health as it happens

Trauma Care: Stop the Bleeding, but Never Stop Caring -

On the fifth floor of Fort Hamilton Hospital, around 1:30 p.m., Surgeon Dr. Andrew Lichter finishes his rounds. At 32 years old, Dr. Lichter is an eager attending physician, practicing general surgery, including advanced surgical robotics, breast surgery, and trauma care.

He talks with a patient, taking advantage of the slower Sunday pace.

An announcement fills the halls: “Category 1 trauma. Here now.” Dr. Lichter turns toward the stairs. The designation “category 1” means a patient has arrived in the midst of the “golden hour,” the 60-minute window trauma surgeons have to save a patient’s limb or life.

Dr. Lichter hurries toward the trauma bay on the first floor. But he doesn’t run. He doesn’t want his hands to shake.

“Running gets your heart rate up,” said Dr. Lichter. “I use that time, that minute or two, to collect myself. To prepare.”

He focuses his attention and gathers his thoughts. He needs to have a singular focus: fix the problem, save the patient.

Arriving to the trauma bay, Dr. Lichter folds himself into the kinetic and coordinated energy of the trauma team gathering supplies. Dr. Marcus Romanello, the on-call emergency-medicine physician, organizes the nurses and respiratory therapy, and calls for air evacuation.

They see a man wheeled through the trauma-bay doors. He’s bleeding, clutching his chest. And they see why: he has a hole in it.

Move with intention

Trauma teams move at their own measured-in-seconds pace with dizzyingly calculated precision.

Trauma teams must think, decide, and move “with intention,” said Dr. Lichter.

“The point is to move, not to freeze. But to do so with precision without flailing. If you freeze, they die. If you overreact, they die. That’s my game plan in trauma.”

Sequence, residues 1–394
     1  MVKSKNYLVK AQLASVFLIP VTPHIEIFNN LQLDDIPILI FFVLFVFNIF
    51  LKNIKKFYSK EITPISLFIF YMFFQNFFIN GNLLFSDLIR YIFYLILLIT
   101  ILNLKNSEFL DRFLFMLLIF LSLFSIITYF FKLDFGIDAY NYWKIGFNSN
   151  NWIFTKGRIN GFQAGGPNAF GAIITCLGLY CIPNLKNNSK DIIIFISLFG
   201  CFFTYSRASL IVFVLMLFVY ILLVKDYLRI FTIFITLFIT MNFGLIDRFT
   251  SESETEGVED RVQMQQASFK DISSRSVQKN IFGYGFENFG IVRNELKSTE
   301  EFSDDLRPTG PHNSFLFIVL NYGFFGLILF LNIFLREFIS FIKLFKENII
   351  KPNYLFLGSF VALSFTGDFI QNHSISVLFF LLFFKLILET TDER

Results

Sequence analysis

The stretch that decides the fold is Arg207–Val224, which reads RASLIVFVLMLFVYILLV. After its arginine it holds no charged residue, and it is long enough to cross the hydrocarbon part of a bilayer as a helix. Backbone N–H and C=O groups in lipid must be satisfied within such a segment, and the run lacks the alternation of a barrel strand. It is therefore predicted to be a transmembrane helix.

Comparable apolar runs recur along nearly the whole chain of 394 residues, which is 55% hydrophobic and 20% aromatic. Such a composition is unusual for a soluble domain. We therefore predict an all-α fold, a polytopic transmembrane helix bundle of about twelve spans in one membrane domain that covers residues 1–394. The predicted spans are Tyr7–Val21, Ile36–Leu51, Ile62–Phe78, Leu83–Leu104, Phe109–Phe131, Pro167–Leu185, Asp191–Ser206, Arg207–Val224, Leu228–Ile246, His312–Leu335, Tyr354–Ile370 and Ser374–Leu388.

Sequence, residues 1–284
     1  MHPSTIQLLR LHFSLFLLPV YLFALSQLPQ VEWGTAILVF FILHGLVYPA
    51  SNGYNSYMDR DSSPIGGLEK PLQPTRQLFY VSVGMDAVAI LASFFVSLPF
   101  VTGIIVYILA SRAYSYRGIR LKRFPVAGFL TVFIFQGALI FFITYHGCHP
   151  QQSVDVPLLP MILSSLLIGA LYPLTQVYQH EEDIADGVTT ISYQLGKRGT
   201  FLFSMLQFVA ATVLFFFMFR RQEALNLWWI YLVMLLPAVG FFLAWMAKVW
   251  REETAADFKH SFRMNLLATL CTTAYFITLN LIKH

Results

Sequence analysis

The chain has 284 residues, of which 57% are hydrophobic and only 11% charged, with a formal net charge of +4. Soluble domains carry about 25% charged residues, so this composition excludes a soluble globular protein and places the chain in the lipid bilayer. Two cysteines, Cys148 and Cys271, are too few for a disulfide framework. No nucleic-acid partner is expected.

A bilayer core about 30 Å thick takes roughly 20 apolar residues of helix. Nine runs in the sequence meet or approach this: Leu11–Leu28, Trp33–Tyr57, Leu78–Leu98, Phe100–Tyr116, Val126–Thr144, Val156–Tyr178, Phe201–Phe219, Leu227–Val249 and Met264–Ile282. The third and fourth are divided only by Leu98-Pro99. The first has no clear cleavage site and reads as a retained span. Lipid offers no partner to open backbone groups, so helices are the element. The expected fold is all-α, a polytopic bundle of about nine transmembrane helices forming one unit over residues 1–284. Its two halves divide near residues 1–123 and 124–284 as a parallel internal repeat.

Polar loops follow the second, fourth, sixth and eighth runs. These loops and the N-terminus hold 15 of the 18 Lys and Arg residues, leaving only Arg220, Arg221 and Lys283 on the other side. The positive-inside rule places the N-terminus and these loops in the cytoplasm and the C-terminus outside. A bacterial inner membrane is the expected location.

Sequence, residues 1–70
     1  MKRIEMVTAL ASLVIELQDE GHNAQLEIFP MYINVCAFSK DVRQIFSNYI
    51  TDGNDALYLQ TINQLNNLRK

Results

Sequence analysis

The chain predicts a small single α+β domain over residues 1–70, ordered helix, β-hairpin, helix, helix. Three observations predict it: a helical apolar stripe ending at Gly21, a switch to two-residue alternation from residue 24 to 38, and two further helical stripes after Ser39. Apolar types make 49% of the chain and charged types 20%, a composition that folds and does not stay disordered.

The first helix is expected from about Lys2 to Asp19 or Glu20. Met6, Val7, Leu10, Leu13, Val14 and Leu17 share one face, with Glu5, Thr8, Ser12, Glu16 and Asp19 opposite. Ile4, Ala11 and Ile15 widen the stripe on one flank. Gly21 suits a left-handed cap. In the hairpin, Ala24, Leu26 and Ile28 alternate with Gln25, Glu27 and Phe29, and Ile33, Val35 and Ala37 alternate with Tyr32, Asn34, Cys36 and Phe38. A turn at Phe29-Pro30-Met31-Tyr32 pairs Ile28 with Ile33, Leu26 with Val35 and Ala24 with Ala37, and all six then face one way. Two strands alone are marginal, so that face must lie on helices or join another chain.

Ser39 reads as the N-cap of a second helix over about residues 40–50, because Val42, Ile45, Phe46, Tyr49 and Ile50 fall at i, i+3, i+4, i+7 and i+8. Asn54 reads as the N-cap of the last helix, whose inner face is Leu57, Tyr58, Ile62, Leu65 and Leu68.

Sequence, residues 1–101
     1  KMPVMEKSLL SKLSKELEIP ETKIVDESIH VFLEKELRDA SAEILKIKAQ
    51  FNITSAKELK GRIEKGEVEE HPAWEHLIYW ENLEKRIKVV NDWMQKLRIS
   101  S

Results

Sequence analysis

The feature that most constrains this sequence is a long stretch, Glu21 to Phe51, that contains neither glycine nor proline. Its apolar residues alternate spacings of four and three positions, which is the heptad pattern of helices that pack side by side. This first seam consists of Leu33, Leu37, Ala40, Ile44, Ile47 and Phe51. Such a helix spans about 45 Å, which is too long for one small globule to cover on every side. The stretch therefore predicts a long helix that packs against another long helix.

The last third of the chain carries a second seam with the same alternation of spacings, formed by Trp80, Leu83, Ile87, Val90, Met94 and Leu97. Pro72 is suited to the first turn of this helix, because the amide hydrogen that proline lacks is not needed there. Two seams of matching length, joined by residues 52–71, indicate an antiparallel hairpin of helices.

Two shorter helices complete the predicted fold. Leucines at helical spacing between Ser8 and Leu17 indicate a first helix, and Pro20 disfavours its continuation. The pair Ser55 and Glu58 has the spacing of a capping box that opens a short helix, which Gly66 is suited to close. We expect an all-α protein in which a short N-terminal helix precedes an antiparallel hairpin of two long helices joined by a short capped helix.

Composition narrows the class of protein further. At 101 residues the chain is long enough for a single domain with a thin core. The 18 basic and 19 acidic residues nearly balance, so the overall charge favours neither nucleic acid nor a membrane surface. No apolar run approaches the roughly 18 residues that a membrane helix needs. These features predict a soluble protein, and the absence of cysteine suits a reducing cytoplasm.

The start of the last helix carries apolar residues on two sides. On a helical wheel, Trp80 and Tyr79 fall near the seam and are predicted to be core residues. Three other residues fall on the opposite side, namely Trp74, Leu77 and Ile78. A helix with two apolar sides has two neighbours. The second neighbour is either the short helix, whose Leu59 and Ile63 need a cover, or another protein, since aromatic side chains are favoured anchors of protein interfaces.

Many injuries that come to a trauma bay seem possible only in the movies. But there’s no Hollywood magic in a trauma bay—no special effects nor celebrities with trailers. Only real people facing the chaos of pain and those striving to bring order—and healing—to it.

And since 2019, Fort Hamilton Hospital’s level III trauma center has provided the area with lifesaving trauma care. But decades before he rounded floors and responded to traumas at Fort Hamilton Hospital, a young Dr. Lichter ate donuts in the doctors’ lounge.

Donuts in the doctors’ lounge

At four years old, Andrew Lichter set his sights on two career paths: being a pirate and a surgeon. Both promised adventure and larger-than-life problem-solving.

Growing up near Hamilton, he joined his father, Dr. Timothy Lichter, on countless trips to his office in Fairfield or to Fort Hamilton Hospital. As his father did rounds, Andrew watched old westerns and snacked on donuts, dreaming of when he, too, might save lives like “Doc” from Gunsmoke. During those formative years, he also witnessed his father’s approach to patient care, a combination of neighborly compassion and confident expertise that cultivated a visible trust Andrew saw between his father and his father’s patients, whether they were at the office or at the grocery store.

After completing medical school at the Toledo College of Medicine and residency at Wright State University, Dr. Andrew Lichter returned to his hometown to join the accomplished and growing surgical team at Fort Hamilton Hospital in June 2020.

Standing in the trauma bay years after eating donuts in the doctor’s lounge, Dr. Lichter knows he’s where he needs to be.

“Throw me that”